Smash Court Tennis 3
What parents need to know
Parents Need to Know
Parents need to know that, like most modern sports games, Smash Court Tennis 3 is lined with real world athletes and products. Players go up against the likes of Rafael Nadal while wearing duds from Fila, swinging racquets from Head, and trying to win sponsorships from Adidas and Prince. Players also have the ability to make their players throw racquets, taunt their opponents, and get into shouting matches with umpires. The game supports online play, including voice chat. Common Sense Media does not recommend online play for children under 12 years of age.
What's it about?
Designed as a lower-cost alternative to its pricier competitors, the $40 SMASH COURT TENNIS 3 (exclusive to the Xbox 360 at the time of this writing) is a surprisingly robust tennis simulator. A simple but comprehensive tutorial that takes about half an hour to work through should provide players with all the experience and knowledge they need to start into the game's healthy selection of play modes, which include arcade tournaments, local and online multiplayer matches, quick exhibition games, and a long and deep multi-year career called Pro Tour. Sixteen recognizable stars of the sport -- including U.S.A.'s James Blake and Belgium's Justine Henin -- let tennis fans play as and against their favorite athletes. Exhaustive statistics tracking helps players keep tabs on details like how many winning shots they've scored at the net and the number of break points they've won.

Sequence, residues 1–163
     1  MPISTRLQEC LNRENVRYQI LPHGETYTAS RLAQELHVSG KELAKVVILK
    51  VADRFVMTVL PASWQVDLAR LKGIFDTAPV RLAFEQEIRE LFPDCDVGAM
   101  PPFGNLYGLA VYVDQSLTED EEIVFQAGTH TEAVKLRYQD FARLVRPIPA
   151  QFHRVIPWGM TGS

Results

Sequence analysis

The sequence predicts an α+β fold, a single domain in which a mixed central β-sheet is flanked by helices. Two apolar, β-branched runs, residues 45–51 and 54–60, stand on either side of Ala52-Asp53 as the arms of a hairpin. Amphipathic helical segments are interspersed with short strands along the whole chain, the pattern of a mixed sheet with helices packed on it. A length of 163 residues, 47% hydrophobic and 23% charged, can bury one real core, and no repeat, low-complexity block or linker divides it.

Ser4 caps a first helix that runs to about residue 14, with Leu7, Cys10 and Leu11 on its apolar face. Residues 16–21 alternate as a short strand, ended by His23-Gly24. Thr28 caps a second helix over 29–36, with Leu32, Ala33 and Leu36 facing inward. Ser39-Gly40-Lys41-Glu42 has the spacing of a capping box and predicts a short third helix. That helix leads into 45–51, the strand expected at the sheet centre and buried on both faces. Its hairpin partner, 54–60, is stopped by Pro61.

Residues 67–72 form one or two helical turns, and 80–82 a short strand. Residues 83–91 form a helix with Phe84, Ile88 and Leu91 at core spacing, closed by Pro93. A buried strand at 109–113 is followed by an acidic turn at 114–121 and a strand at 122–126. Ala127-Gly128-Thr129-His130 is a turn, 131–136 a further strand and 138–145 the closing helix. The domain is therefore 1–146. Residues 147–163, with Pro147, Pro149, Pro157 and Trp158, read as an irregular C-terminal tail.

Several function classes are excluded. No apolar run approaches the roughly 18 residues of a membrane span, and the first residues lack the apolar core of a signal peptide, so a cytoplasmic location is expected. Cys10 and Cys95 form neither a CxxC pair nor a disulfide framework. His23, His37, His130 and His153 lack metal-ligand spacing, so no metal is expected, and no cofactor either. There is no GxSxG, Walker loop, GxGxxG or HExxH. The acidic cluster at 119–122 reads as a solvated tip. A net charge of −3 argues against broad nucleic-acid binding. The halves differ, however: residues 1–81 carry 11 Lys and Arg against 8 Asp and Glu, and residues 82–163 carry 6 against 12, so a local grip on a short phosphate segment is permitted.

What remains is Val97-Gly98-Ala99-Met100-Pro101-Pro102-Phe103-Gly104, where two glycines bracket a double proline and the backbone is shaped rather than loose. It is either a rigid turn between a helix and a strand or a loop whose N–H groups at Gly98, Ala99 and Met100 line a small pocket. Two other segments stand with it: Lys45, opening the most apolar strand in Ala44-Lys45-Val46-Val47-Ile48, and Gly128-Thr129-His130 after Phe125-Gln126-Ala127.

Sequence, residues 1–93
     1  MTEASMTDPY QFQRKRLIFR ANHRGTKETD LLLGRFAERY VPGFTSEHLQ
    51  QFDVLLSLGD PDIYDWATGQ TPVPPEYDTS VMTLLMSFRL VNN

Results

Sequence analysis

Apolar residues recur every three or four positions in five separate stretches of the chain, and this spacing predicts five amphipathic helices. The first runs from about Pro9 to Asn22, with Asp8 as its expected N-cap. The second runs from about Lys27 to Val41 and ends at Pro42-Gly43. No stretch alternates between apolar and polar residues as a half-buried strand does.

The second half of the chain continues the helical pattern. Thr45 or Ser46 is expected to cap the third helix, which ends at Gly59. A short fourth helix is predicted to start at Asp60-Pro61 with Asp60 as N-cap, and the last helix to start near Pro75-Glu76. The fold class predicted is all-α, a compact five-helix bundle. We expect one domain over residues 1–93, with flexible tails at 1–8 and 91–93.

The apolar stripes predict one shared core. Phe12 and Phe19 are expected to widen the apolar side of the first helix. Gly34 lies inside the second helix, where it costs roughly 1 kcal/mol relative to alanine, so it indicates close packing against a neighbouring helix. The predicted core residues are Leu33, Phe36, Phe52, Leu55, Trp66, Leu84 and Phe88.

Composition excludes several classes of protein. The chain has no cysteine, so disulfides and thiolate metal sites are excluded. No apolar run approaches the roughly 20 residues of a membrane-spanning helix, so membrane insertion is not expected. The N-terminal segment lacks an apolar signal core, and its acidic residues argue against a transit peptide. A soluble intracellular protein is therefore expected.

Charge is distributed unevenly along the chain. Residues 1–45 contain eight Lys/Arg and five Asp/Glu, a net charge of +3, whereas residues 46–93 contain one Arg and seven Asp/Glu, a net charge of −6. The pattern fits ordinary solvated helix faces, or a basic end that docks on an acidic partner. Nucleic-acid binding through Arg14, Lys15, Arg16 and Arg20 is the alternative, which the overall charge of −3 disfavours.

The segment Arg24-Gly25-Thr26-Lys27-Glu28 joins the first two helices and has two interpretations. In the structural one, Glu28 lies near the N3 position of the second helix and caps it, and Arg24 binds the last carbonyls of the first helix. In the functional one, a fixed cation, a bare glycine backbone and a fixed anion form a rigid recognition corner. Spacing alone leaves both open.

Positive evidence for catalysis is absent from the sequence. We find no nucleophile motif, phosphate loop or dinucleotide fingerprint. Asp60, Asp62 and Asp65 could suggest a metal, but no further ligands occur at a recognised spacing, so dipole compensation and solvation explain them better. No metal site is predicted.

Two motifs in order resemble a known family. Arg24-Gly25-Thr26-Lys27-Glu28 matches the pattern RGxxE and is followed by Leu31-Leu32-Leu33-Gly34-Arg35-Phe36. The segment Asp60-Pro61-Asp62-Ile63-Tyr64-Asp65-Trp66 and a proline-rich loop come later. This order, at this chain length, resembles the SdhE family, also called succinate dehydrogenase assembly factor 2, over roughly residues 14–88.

Is it any good?
Smash Court Tennis 3 sacrifices the polish and precision found in more finely crafted tennis simulators for speed and scope. The dull-looking tennis players and rather barren stadiums don't stand up well in comparison to the almost photo-realistic graphics of a game like Top Spin 3. Smash Court Tennis 3's tried-and-true tap-and-hold swing controls, though easy to come to grips with, make it difficult for advanced players to pull off accurate finesse shots. But these minor flaws are easy to overlook in light of the game's incredibly fast, arcade-like action (matches often take less than three minutes) and the sheer range of play modes, options, and statistics available.
The Pro Tour mode, in particular, ought to keep some players going for weeks, if not months. Upon creating an avatar, players lead him or her through a multi-year career, selecting each week whether they would like to engage in a training activities, acquire a new doubles partner, play in tournaments and qualifiers, try sponsorship challenges, and enter charity events, all while improving various attributes, ranging from footwork skills to specific tennis styles, such as serve-and-volley and baseline play. It can take years (measured in game time) of fun and engaging growth activities to develop a character into a player capable of challenging top-seeded pros. If your priority in selecting a tennis game is bang for your buck, look no further.
Families can talk about...
Families can talk about sportsmanship. How do you feel when you see a real life tennis star scream in anger, throw his or her racquet, taunt opponents, or get into heated arguments with umpires? You may sympathize with them, but are these mature and appropriate responses? Conversely, how do you feel when you see a professional tennis player praise an opponent for a good shot or smile and congratulate someone who has defeated them? What kind of sport are you?